What was here, very much here, were rats. Large rats. Mutant rats. Two-headed rats the size of German shepherd dogs. They came swelling up out of the knee-deep black water. Their eyes were glowing and white, their teeth jagged and yellow. And they made sounds…horrible, horrible sounds.

It is well known that unless I am in a virtual reality game I am not a good shot…despite repeated training, repeated geek bootcamps. No, not a good shot. Never would be a good shot. It seemed the rats knew this as well. They didn't fear my bullets at all; they simply came on. I was almost there. I could see the door to the storage facility, and I could also see I was not going to make it. I was not going to make it there….

And I was not going to make it back.


I could handle a gun.

Not that I wanted to, mind you, seeing as it went against the very fiber of the oath I had taken years before to preserve life and not destroy it. But I had spent a great deal of time on my grandda's farm growing up. And it was true that the man had kept sheep among other things, although I would deny it to my dying day to Rodney McKay as I would never hear the end of the harassment if he were to find out. But I had spent much of my glorious youth roaming across the fields searching for lost lambs and chasing away the occasional predatory feral dog that lurked in the woods. Granted, I was armed with a shotgun and not a P90, but my aim was true and I persevered when the occasion called for it.

So, I could handle a gun.

And when I had to take up arms, it wasn't completely foreign, although the two headed creatures with their low guttural growls that stood before me were.

I sprayed the gunfire across the flooded hallway, holding tight when the weapon in my hand tried to take on a life of its own and jump away. Colonel Sheppard had warned me it would do that, previously when I had fired it at a hay bale during what he called his geek bootcamp and again when he had passed the weapon through the shield moments before in response to Radek's frantic radio call for help.

We had heard the gunfire from below us, muffled by the floors between. The Colonel was instantly alert and calling a wary, "Dr. Z?" on his radio.

"Krysa! Cubčí syn ona ar ohromný! Dva zprostředkující zařízení krysa!"

"Zelenka!" Sheppard called when we heard even more gunfire. "What the hell is krysa?"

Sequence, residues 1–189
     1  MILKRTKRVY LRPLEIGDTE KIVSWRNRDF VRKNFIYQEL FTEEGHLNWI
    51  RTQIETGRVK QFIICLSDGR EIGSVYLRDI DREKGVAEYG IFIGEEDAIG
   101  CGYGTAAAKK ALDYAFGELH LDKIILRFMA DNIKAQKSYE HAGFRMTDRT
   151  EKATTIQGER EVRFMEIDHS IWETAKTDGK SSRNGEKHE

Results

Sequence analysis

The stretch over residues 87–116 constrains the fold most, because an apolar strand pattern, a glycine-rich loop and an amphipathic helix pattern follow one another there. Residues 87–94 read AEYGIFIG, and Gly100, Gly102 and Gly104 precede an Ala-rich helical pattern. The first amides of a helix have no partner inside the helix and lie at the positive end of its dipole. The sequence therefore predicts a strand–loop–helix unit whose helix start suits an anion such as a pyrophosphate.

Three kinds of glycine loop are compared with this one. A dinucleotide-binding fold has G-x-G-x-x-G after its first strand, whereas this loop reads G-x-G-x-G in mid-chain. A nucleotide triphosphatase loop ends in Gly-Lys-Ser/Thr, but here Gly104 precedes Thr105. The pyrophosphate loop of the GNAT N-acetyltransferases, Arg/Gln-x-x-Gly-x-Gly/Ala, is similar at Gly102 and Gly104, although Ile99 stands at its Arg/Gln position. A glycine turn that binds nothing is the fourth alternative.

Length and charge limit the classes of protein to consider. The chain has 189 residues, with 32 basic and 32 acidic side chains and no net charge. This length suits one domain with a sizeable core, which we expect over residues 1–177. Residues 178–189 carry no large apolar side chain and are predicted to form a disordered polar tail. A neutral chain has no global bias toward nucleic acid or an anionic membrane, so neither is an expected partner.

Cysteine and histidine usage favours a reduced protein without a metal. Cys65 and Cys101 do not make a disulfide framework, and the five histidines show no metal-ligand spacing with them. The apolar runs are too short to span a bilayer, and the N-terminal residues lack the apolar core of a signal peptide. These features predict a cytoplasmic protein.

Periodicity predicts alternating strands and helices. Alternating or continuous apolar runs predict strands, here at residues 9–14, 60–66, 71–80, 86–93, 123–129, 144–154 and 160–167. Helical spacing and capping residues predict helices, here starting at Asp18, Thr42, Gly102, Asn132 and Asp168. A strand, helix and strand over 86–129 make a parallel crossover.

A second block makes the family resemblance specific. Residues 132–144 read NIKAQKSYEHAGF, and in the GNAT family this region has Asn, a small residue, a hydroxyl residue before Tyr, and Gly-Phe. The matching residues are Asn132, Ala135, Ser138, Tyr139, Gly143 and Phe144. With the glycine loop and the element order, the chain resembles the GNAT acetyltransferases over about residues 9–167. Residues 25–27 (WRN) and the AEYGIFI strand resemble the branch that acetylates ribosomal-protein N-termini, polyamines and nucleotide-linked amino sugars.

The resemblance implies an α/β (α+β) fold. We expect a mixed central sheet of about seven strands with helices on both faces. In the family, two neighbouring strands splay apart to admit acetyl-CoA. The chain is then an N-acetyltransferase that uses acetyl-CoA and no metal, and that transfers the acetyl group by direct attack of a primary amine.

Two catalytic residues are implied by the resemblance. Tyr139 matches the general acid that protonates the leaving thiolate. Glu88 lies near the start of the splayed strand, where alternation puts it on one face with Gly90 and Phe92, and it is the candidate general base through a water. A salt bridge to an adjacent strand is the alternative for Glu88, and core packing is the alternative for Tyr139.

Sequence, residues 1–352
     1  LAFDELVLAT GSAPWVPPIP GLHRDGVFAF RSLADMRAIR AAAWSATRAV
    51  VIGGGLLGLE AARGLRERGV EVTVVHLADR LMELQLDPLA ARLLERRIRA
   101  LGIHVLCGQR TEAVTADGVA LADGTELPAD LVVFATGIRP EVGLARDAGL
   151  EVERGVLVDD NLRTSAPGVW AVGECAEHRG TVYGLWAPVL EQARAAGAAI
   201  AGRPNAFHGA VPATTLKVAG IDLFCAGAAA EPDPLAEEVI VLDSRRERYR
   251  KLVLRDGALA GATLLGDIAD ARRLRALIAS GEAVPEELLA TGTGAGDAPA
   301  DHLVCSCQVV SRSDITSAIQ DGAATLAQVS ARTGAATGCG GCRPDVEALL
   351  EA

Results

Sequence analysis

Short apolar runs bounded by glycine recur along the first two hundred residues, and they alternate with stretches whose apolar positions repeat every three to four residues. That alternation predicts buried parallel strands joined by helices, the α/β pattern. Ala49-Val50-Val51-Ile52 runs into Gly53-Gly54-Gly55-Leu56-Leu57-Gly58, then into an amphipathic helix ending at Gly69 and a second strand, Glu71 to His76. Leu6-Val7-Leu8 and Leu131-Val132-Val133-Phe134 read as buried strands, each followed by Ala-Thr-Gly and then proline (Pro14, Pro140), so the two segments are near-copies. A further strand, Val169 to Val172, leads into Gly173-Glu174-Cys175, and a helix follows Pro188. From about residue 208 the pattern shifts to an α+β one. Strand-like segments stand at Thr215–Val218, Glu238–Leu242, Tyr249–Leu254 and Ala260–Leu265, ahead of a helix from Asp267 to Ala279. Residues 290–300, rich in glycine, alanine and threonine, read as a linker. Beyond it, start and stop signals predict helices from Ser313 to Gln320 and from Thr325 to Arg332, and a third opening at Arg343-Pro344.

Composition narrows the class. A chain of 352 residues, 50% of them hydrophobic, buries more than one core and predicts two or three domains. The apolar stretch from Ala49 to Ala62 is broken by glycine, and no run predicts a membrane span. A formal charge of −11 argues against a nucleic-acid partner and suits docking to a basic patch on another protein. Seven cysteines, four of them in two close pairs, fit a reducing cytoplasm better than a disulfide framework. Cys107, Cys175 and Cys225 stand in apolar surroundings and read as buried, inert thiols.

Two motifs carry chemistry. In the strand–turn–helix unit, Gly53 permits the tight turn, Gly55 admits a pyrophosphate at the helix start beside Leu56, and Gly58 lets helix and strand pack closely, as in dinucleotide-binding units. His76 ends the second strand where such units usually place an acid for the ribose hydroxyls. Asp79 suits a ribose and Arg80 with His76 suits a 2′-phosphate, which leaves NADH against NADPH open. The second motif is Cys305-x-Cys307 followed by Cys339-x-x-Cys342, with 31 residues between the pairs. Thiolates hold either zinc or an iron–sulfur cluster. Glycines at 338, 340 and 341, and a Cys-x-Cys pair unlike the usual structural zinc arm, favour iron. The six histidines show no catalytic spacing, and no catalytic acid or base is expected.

"Rats," Rodney shook his head from where he lay, "I'm dying and he's freaking out about rats. Tell him to cowboy up, since he loves them so much, be a man, ignore the mice and get that shield."

"Huge! Two heads!" Another gun shot and what could only be a stream of Czech cursing came across the radio. "Son of bitch! No more bullets," and more cursing and splashing.

"Dr. Z?" But there was no answer. "Zelenka?" Still no response. "Shit!" With that exclamation, Colonel Sheppard grabbed his P90 and his field vest that he had shed and started for the shield.

"John, what's going on?" Rodney was pushing himself up, ice packs tumbling away from his body as the worry tumbled over his fever. "What's happened to Radek?"

"Rodney, lad, lie back down. You need the ice packs." But he was already up on his knees, swaying drunkenly, glazed eyes blinking back against the head rush he was obviously experiencing.

At my orders to Rodney, Sheppard turned to look back at the physicist. "Aw, hell, McKay, what do you think you're doing?"

"Radek…" he started then toppled forward to his hands and knees.

"Shit." The Colonel took a step back toward Rodney, hesitated, then looked back at me.

"I'll go," I told him with all the conviction I could muster, my hand going to the small side arm at my hip, and suddenly the fifteen shots that always seemed like overkill didn't seem like nearly enough to kill alien rats. "Get Rodney settled again, keep those ice packs on him or a vaccine will be for naught."

With a tense nod, he handed the P90 through the shield. "Suppressive spray, Doc. Hold tight and don't let her get away from you. Remember from the training? If they're hungry, taking one out may be enough to slow the others… or it could work them into a frenzy, so be ready." Then it was my turn to nod, although I couldn't keep the grimace from my face at the thought of monster rodents on a blood-driven rampage. Finally, he handed a second clip for the nine millimeter. "Stick to the P90, use the M9 only as a last resort." I took the clip with shaky hands and put it in my vest as he told me, "Stay in radio contact. If you need me, I'll come."

"God willing, it won't come to that," I informed him with a nervous sigh.

"Without you, we're dead in the water, with or without ice packs, so watch you're back. Get Dr. Z, get the shield, and get out."

"No worries there." With a final nod, I turned and ran for the basement level of the building where I found flooded corridors from the rain and vicious creatures from out of nightmares. And when the spray of bullets hit home on one of the beasts, it turned out Colonel Sheppard had been right on both accounts, the other three animals stopped their advance on me to feast upon their fallen comrade in a fury of fur and teeth to set my own on edge. And the fact that the second head on the maimed creature continued to fight off the others even while they tore at the first sent a shiver throughout my body to rival Rodney's.

"Mother Mary and Joseph!" I exclaimed across the radio without realizing it.

"Doc, you all right?" Colonel Sheppard called back anxiously.

"It's horrific!" I told him aghast. "I've never seen anything like this in all my days."

"Yes, is horrible," an accented voice called from above me. "Please to finish with the killing of devil creatures so that I can climb down."

"Radek! You're alive. He's alive," I called happily over the radio.

Sheppard let out his own relieved, "Thank God," from the room above.

"Yes, alive, wet, and soon to be in need of new underwear if fixture does not hold," Radek informed me from his precarious perch on a large lighting sconce on the wall directly above the carnage taking place in the waterlogged hallway. "So shoot, shoot, yippee kay yay, mother fuckers, so I can resume saving of the day."